Food allergies and music festivals, getting healthy despite dietary restrictions, simple weeknight meals, and a delicious paleo recipeRead More
We reviewed The Baker In Me cookbook and adjusted the recipe to be allergy-friendlyRead More
The couple behind the Chef Sous Chef blog came over to cook a whole food, allergy-friendly meal. You can get their recipe for beet burgers with orange mayo here!Read More
Colette Grand Cafe in Toronto has a reputation for being a strikingly beautiful French restaurant and cafe, and it's easy to see how they hold that status. Pictured below is their outdoor pavilion, situated between a calm water feature on one side and a bustling park on the other.
Wednesday was a customer appreciation day of sorts, where Colette served up free food and sangria to local patrons. Upon entering the pavilion we were immediately offered freshly shucked oysters (good call guys!) and were greeted by the fragrant smell of a charcoal BBQ. Oysters are one of my favorite foods to eat in a restaurant because they are generally freshly shucked right before serving which reduces the possibility of cross-contamination. They are also a meal or snack on their own, and pair really well with either wine, bubbly, or beer, depending on the restaurant and location. There are enough varieties that the meal can be interesting without getting too adventurous into the front of unknown (and un-allergy-tested) foods. So oysters are unsurprisingly one of my go-to menu items to order when dining out.
I've been to Colette for coffee, lunch, and dinner many times and I'm always impressed with how they handle my food allergies. When dining with my family there are three of us with severe allergies and the staff is always able to accommodate our requests with diligence and grace. They tick off all the boxes I generally check for:
- The server is understanding, writes down the allergies, clarifies when needed, and doesn't make a patronizing remark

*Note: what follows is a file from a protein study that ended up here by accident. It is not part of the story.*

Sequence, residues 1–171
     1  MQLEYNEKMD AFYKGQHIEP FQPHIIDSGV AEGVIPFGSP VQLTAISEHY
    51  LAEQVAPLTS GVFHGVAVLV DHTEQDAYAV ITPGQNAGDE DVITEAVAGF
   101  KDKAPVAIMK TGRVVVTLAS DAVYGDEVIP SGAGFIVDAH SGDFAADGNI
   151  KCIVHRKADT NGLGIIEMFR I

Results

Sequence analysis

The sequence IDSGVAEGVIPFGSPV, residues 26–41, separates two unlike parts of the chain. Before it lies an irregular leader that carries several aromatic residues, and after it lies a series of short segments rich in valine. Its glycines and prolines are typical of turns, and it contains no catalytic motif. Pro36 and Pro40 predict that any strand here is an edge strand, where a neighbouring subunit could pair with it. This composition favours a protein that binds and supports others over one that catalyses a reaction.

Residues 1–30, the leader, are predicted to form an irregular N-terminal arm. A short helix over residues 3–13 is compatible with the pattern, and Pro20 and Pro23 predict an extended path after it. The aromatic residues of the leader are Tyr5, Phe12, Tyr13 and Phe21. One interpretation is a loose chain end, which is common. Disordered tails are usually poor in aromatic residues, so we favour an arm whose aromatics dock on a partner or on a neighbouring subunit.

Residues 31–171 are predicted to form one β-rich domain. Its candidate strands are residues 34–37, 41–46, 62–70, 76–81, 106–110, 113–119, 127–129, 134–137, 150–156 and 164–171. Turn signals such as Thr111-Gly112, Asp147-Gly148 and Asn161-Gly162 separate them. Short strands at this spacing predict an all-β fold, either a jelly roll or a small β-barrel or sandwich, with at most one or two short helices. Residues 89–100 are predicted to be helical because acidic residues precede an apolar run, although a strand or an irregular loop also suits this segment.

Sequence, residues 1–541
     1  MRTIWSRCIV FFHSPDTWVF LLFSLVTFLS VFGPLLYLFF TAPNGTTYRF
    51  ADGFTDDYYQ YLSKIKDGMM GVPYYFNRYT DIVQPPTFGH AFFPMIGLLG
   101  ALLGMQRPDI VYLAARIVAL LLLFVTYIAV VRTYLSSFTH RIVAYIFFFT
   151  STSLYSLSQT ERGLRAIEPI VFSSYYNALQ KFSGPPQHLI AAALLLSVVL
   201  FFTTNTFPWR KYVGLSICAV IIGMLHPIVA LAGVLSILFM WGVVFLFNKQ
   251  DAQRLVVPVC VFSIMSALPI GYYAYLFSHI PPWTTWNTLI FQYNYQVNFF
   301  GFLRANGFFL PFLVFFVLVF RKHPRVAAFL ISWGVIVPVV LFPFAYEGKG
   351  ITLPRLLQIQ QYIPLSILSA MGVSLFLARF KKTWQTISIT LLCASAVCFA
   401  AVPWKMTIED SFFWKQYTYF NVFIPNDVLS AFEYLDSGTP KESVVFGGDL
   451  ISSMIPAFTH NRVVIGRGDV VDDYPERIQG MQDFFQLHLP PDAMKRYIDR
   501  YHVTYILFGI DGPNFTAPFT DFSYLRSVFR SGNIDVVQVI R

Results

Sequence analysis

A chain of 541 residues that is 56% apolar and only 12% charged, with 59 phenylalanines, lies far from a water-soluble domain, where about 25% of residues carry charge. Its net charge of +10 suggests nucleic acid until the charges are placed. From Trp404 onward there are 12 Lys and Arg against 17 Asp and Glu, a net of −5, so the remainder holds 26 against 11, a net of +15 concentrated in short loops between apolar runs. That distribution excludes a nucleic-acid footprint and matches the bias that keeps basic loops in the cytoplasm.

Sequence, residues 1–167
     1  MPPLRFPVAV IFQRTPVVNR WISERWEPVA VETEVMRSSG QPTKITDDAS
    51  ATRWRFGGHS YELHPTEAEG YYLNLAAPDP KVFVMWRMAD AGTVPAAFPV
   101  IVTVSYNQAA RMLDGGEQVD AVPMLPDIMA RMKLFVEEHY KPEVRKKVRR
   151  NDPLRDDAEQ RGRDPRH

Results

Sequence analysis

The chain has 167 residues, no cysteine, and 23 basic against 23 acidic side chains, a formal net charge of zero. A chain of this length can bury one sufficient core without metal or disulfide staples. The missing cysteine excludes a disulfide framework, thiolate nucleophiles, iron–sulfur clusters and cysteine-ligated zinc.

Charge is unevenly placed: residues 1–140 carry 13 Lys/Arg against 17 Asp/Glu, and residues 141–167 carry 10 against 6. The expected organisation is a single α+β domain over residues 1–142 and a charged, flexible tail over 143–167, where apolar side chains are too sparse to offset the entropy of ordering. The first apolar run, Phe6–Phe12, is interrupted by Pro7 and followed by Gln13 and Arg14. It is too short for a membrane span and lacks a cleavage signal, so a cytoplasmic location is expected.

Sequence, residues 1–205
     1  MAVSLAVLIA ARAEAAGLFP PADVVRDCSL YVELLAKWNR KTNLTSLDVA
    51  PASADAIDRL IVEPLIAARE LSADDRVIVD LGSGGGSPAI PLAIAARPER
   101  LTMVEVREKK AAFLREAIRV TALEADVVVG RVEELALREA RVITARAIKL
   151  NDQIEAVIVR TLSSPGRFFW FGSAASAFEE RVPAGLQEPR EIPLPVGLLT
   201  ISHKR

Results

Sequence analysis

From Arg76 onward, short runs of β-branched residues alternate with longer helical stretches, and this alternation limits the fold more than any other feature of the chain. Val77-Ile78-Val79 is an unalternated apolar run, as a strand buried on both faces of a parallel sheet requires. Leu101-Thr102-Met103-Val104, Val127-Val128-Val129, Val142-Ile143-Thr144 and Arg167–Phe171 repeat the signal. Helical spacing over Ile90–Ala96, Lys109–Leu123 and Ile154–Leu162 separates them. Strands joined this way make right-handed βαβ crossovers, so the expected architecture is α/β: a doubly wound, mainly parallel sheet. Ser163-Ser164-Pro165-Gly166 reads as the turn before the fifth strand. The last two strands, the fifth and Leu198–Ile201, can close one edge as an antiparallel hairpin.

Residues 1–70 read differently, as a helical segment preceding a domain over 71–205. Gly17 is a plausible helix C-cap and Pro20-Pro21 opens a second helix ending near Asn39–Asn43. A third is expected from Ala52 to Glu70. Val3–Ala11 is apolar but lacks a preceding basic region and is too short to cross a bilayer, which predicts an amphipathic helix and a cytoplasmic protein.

- They check with the chef before confirming that the item I've ordered is suitable
- The allergies are reiterated when the plate is brought to the table
- The staff is knowledgeable about the menu specifics and about allergens, cross contamination, etc.
Joella and Bran tasted some of their other offerings, including this delightful little salad skewer, a grilled octopus bite with raisins, and sangria. They gave rave reviews to everything especially the octopus. In Bran's words, "This is how octopus should be done!"
Another reason to visit Colette is the atmosphere. The place is full of thoughtful little touches and fresh flowers. It's a great place to sit and sip a coffee or linger after an abundant dinner.If you live in Toronto, head over there this weekend! And if you don't, add it to your list of places to try out on your next visit. You won't be disappointed.
Upon opening Sabrina Ghayour’s cookbook, I learned a few things. First, she cleared up what the title means (thank god, I hadn’t a clue). She defines a sirocco as a “hot, dry wind blowing from East to West, often carrying with it flavors of the Mediterranean.” Next I learned that although I couldn’t find some of the key flavors commonly found in the book, it would be okay because she designed the recipes to not be reliant on one main ingredient. Admittedly I was concerned when I did my initial flip-through because I knew I would have trouble finding sumac and other spices at my closest Loblaws. Knowing that we could carry on without them allowed me to keep my options open when selecting recipes.